Prenatal Period to Early Childhood
Addressing mental health begins before birth. Throughout the prenatal period and into the first years of life, a child’s brain and body develop rapidly, leaving the child particularly vulnerable to outside influences. The infant brain is developing abilities like language and motor skills with feedback from external sources, and is more vulnerable to substances than the brains of older children and adults. While the changes from conception to early childhood are obvious from the outside, research on brain development continues to show us why this period is so important for later brain architecture and future functioning.
As noted above, infancy and early childhood is an especially important time for brain development. Outside of the environmental factors that affect brain development outlined below, scientists have also long considered the importance of looking at the blooming brain of infants for indication of developmental disabilities like Autism Spectrum Disorder (ASD).[i],[ii],[iii] Specifically, these scientists have considered that ASD might be linked to processes that result in an over blooming or abnormally high levels of brain growth in the first years of life.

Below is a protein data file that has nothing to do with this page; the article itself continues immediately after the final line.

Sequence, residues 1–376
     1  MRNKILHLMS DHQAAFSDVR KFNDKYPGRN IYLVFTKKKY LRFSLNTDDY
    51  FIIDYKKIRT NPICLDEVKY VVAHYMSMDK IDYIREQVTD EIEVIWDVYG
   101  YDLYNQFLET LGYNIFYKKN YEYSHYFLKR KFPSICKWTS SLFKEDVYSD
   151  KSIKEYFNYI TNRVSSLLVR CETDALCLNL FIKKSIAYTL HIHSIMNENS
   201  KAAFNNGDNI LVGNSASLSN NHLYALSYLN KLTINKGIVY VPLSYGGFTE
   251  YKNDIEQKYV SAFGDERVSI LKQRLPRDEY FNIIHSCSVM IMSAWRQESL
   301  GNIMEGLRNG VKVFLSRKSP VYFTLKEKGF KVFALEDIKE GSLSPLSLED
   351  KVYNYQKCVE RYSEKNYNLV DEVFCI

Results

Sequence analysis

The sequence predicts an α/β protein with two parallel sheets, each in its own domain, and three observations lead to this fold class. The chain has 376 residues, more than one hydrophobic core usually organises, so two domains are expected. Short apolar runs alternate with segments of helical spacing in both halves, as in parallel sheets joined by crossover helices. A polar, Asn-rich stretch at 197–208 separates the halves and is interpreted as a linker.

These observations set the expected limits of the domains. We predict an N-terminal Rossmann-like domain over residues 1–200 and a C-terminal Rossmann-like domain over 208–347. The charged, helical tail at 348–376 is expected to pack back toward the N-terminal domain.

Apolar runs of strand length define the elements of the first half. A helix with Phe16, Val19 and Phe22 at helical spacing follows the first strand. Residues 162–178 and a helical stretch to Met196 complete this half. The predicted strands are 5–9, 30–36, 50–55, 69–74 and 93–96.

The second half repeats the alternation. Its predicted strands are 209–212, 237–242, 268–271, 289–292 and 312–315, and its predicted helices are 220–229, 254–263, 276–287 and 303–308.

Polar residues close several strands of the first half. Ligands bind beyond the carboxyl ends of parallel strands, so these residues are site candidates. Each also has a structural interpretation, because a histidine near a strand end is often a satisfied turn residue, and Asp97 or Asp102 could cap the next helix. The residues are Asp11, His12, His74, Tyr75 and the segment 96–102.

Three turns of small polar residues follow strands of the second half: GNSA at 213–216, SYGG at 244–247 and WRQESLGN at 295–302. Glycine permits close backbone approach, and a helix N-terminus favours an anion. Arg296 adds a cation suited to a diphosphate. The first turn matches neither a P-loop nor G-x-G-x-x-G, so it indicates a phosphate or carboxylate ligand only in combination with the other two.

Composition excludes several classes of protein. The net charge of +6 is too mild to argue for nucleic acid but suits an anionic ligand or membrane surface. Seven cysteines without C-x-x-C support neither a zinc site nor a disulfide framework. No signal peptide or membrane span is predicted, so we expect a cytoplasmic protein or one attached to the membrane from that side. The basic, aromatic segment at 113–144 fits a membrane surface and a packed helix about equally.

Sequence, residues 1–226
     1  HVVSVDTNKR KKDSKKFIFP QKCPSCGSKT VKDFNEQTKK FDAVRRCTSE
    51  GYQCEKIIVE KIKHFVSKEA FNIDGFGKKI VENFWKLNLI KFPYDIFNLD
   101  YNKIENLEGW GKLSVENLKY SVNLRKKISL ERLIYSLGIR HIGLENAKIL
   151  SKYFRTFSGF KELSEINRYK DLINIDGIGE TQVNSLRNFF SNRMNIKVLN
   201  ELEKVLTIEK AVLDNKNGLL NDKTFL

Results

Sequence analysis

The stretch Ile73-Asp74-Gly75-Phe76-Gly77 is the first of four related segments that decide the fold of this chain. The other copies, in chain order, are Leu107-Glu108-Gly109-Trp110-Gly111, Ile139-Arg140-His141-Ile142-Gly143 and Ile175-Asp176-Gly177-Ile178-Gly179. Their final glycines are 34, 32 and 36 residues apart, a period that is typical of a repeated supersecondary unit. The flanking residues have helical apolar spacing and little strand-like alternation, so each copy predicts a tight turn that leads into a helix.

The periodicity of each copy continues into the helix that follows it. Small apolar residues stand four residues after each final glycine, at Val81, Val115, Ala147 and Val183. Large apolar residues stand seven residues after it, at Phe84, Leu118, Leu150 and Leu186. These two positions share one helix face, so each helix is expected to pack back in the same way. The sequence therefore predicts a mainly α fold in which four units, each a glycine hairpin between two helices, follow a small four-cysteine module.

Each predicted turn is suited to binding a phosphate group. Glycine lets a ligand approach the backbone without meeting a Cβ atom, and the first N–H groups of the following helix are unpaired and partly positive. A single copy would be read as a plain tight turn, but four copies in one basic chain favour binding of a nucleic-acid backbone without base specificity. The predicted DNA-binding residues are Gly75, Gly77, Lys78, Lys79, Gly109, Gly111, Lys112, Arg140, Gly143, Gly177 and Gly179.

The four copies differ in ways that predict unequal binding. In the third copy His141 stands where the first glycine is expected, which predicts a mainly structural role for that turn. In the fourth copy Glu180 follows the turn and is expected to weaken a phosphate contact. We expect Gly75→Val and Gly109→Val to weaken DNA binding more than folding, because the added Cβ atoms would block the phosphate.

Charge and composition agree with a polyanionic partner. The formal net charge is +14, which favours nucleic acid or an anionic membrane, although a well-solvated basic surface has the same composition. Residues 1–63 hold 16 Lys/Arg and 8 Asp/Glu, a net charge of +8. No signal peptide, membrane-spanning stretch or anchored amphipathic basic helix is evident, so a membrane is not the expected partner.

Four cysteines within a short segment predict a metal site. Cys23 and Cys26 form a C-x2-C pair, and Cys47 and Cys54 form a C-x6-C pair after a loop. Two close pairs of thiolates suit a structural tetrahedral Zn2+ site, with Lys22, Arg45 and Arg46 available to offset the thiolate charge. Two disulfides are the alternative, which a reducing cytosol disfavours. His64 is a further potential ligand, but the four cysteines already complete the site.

- Prenatal Substance Use: The use of alcohol, tobacco, and recreational drugs during pregnancy can have a serious, lasting impact on the child. Substances are particularly harmful at this stage, as the barrier of cells adults have to protect the brain from chemicals does not yet exist. Substance use and abuse can also lead to premature birth or very-low to low birth weight. Very-low birth weight (under 3 lbs.) is associated with an up to 4.5 times higher risk for psychiatric problems, while low birth weight (under 5 lbs.) increases risk for psychiatric problems in adulthood by 2.5 times.[iv] Alcohol has the most damaging effects of all substances during pregnancy, with strong links to delayed development, reduced emotional control, problems with attention, and hyperactivity.[v] Tobacco use has also been linked to disruptions in cognitive, emotional, and behavioral development.[vi] Other recreational drugs, like cocaine and methamphetamines, appear to have a more delayed effect with a slight impact during early life but difficulties in mood, attention, and hyperactivity during adolescence. Given the sensitivity of the prenatal and infant brain, even medications like acetaminophen (Tylenol) have been recently linked to increased rates of autism, attention deficit, problematic psychomotor, cognitive, and emotional development.[vii],[viii],[ix] This new research is especially concerning since acetaminophen is often the recommended pain reliever for pregnant women. Further research is certainly needed to explore these connections.[x] Until more is known, it is important that families are informed of the risks of taking substances during pregnancy and the first years of life.